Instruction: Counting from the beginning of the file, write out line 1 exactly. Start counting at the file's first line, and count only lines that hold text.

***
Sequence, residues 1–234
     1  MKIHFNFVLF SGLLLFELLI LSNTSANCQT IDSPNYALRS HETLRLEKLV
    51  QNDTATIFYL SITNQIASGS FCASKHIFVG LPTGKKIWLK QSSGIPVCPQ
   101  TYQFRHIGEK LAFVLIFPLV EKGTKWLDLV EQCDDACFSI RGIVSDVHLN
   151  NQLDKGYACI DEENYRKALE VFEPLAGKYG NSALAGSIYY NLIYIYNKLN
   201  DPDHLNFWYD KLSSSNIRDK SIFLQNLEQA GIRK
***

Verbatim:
Sequence, residues 1–234